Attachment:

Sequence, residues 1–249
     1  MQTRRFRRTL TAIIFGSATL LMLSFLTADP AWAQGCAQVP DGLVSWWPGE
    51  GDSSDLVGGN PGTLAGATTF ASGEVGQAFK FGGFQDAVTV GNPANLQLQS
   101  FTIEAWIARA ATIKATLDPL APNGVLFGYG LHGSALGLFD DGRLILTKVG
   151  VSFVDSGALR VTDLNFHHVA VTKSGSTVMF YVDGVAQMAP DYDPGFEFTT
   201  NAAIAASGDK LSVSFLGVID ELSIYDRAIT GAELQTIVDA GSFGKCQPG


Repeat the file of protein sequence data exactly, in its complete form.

Sequence, residues 1–249
     1  MQTRRFRRTL TAIIFGSATL LMLSFLTADP AWAQGCAQVP DGLVSWWPGE
    51  GDSSDLVGGN PGTLAGATTF ASGEVGQAFK FGGFQDAVTV GNPANLQLQS
   101  FTIEAWIARA ATIKATLDPL APNGVLFGYG LHGSALGLFD DGRLILTKVG
   151  VSFVDSGALR VTDLNFHHVA VTKSGSTVMF YVDGVAQMAP DYDPGFEFTT
   201  NAAIAASGDK LSVSFLGVID ELSIYDRAIT GAELQTIVDA GSFGKCQPG